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Get Comfortable with Being Uncomfortable

mind & meaning Aug 09, 2021

As a trainer and coach working with corporate decision-makers, I’ve heard many people share that they’re feeling overwhelmed, frustrated and anxious as they navigate the accelerated pace of change. 

The pandemic increasingly looks like one of the defining events of our time. Many of us find ourselves needing to adapt and make high-stakes decisions fast.

I recently had a fascinating conversation with Joe Galvin, Chief Research Officer at Vistage Worldwide, regarding the top factors that influence small-to-midsized businesses according to the latest studies. He shared that these unprecedented times demand unprecedented behavior, and that leaders must get comfortable with being uncomfortable.    

How willing and able are you to experience the discomfort that accompanies change? 

In times of complexity and uncertainty, it is common for business leaders to stay in their comfort zone by taking their time and underreacting to the current conditions and trends. However, this is a problem because the timeline to get more information and make decisions has shrunk dramatically. Therefore, you may need to take the bold and rapid actions that you considered too risky before the pandemic, which can be challenging and even paralyzing, particularly when it comes to high-stakes decisions.

So how can you make smart decisions quickly to guide your organization toward the best outcomes? Here are three strategies that can help:

1. Get comfortable with being uncomfortable:

Building your resilience capacity can allow you to feel more ease during stressful or adverse situations or events. Research shows that the simple act of pausing, even for as little as 50 to 100 milliseconds, allows the brain to focus on the most relevant information. One way to do that is by practicing the Quick Coherence® Technique, developed by the Institute of HeartMath. Click here to see a video that will guide you through the two simple steps.

2. Focus on what’s most important:

Consider asking yourself and your team members questions such as, “What is most important right now?” and “What if this change could lead our company to even greater success in the future?” This can allow you to reconnect with the bigger picture and therefore gain some distance from the problem so that you can be even more objective when assessing your priorities. Notice what is in your control or influence in the current situation, and what the potential blind spots might be.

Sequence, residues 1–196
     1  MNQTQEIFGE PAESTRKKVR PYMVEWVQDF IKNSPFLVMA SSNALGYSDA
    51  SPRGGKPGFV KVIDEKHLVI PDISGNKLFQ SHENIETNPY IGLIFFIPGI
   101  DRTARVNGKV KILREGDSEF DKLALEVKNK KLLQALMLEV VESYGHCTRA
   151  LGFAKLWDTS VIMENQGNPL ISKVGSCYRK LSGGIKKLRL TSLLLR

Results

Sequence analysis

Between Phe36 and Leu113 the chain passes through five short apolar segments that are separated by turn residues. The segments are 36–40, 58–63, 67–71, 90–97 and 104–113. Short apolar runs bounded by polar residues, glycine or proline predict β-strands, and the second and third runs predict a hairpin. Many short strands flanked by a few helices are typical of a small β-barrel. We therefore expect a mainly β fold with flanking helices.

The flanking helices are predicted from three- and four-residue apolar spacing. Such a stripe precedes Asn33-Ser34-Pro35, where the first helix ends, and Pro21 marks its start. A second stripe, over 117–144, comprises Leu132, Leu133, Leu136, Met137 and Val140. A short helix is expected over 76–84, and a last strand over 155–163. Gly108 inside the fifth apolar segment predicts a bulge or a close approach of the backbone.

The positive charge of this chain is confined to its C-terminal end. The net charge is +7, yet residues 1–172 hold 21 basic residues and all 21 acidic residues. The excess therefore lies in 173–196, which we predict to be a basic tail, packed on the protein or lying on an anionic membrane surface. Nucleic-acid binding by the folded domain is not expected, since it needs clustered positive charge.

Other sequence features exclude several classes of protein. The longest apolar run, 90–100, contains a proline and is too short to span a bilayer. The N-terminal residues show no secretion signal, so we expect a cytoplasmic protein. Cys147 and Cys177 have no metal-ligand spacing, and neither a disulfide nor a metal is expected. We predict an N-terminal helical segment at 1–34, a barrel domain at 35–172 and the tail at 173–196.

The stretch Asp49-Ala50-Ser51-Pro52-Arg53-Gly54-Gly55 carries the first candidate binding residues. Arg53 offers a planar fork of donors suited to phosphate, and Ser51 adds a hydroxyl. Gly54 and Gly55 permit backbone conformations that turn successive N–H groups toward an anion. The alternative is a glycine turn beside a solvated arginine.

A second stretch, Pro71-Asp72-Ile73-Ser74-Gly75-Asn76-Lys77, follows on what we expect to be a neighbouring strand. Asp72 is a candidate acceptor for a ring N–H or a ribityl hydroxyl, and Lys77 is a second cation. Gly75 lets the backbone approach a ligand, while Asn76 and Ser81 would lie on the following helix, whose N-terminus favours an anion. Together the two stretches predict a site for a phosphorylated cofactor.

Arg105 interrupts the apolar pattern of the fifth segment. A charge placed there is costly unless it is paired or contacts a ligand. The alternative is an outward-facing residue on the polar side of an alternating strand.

3. Tune in to your intuitive guidance: Here is a proven process that you can follow to access new or creative solutions to your challenges:   

Step 1: Bring to mind a problem, issue, or decision and write down your attitudes and feelings about it.  

Step 2: Focus your attention in the area of your heart. Breathe slowly and deeply.

Step 3: Activate a sincere positive feeling such as appreciation or compassion. You can try to re-experience the feeling you have for someone you love or imagine being back at a happy time in your life. 

Step 4: From this neutral place, ask yourself, “What’s a more effective solution to this problem?“ or “What’s the next right step for me now?”. Keep your question brief and to the point.

Step 5: Remain curious and notice what shows up for you. Your intuitive guidance may come in the form of an inner voice, a feeling in your body such as warmth or tingling, or as an unexpected event.

Then, make a commitment to act on any insights that may have come up for you. If nothing comes up right away, stay focused on appreciation, be patient, and repeat the process at a time when you feel even more relaxed.  

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